The raspberries produced prodigiously until this year. The berries  were small and hard, and withered immediately after ripening.  I suppose there could be disease going on, or else, after so many years of productivity,  the new canes that grow up every year are just worn out and don’t have the vigor of the originals we planted.  The ash tree is too tall for us to trim, even though we would be within our rights to trim every part of it that hangs over our property.  We decided it is time to reclaim the area, dig up the raspberries that are too shaded, and plant hydrangeas,  ligularia (aka “The Rocket”), and ostrich ferns,  in their place.  That shouldn’t cost too much, but it won’t be a picnic digging up those raspberry canes. There are still raspberries that get enough sun, and we will leave them be.  They haven’t invaded the lawn yet.

Hydrangeas grow beautifully in our yard, and can cover a large area of landscaping sins.  I am tired of such a wild looking back yard. We will have to sell the house in the next few years and it isn’t too early to start sprucing the place up.  I look forward to a backyard revival, but not the expense and the labor that will go into it.

If money and  labor were no object, how would you change the landscaping  in your yard?

Too Hot to Handle

I didn’t start cooking until I moved into my first apartment. My mom doesn’t like to cook and when I became a vegetarian at 16, the few things she could cook became out of bounds for me.  She had 2 cookbooks all the time I was growing up, Joy of Cooking and The Betty Crocker Cookie Book.  So I wasn’t surprised when she gave me a copy of Joy when I set up my first kitchen.  It wasn’t too useful for a beginning vegetarian so it was joined quickly by Enchanted Broccoli Forest and Laurel’s Kitchen.

I didn’t cook with too many exotic ingredients back then – nothing even remotely “different” made its way into my mom’s kitchen so I didn’t have any experience with the out-of-the-ordinary. I don’t remember the first time I cooked with a jalapeno or any other hot pepper, but it’s been at least 30+ years and now they are a staple at our house.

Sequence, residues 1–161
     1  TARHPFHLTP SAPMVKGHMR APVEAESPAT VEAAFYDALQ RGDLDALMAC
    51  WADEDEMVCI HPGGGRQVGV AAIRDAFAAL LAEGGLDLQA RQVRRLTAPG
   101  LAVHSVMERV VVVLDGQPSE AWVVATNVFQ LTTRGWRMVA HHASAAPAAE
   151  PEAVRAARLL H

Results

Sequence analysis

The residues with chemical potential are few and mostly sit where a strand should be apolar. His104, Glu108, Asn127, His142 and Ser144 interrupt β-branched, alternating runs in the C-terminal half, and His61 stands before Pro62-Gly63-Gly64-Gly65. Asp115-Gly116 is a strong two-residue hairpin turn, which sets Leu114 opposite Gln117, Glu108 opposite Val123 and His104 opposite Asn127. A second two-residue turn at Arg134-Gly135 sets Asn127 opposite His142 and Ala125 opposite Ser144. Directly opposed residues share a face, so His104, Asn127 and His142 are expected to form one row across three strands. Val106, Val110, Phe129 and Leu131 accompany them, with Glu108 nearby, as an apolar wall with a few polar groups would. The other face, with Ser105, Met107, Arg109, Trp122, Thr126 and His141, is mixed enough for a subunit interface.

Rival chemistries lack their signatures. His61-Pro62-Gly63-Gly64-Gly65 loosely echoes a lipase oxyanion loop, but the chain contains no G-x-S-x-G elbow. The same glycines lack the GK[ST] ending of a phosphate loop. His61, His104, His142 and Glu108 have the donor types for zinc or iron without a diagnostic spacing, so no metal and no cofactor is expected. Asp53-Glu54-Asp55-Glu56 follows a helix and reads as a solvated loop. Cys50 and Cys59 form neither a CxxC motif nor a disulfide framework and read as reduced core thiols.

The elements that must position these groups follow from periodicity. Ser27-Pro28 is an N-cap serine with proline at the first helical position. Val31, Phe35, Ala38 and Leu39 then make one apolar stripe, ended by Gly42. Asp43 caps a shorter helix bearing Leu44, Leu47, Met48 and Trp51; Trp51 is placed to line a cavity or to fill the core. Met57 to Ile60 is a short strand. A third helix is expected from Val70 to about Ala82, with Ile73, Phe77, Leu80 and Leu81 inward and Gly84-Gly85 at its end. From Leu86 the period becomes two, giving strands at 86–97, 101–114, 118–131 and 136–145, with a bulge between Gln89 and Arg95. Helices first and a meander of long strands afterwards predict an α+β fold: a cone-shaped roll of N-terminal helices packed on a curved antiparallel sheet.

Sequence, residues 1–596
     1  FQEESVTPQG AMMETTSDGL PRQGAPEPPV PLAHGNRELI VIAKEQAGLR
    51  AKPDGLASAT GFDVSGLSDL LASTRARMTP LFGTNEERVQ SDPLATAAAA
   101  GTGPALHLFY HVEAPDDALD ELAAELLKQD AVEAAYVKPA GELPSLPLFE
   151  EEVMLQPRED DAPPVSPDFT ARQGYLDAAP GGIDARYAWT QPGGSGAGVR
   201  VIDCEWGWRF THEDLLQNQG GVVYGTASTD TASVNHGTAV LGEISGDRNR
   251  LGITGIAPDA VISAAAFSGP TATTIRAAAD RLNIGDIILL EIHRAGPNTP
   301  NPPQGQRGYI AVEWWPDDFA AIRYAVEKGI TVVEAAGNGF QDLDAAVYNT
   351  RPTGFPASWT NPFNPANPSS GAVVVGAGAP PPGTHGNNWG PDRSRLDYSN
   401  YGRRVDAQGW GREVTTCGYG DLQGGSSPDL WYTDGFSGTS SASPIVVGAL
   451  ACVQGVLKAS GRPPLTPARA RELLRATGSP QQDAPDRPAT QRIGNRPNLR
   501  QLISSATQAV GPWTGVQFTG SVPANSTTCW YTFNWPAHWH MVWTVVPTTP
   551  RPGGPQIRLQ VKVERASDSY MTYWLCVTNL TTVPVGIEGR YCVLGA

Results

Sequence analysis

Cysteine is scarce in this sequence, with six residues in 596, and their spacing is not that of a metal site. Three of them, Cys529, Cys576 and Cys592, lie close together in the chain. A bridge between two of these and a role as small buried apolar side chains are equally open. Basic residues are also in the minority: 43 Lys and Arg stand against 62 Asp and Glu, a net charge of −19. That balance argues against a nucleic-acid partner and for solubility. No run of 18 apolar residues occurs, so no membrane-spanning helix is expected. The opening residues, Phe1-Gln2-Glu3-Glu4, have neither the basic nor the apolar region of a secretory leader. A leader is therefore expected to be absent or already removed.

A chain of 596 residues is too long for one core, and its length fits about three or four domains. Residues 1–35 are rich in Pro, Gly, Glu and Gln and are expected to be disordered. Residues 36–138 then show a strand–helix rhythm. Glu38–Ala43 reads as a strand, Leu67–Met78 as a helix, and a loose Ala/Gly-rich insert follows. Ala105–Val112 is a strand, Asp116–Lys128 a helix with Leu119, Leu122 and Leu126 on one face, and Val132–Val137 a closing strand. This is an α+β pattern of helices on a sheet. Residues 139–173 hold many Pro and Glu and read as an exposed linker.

So you would think that I know better by now about handling hot peppers. Just one Mucho Nacho (a type of jalapeno).  I cut the seeds and inner veins out, thinking about the capsicum all the while.  Then I apparently turned my brain off, because after I dumped the peppers into the pan, I just kept working instead of washing my hands.  Within 10 minutes I had touched my lips in two places, licked a finger and gotten the juice under my thumbnail as well.  Paper towel soaked in milk helped the lips, held the thumb in the milk for 5 minutes and then drank the rest.  Aaaahhhhh.

What lesson do you wish you would learn? Or took you too long to learn?

 And does anybody need a hot pepper or two on Sunday???

Objects of Fascination

It happened again. Husband and I were weeding in the front yard veggie garden when a car pulled up and the driver got out. He introduced himself as a new neighbor from down the block. Then,  he asked the inevitable question “What are those”?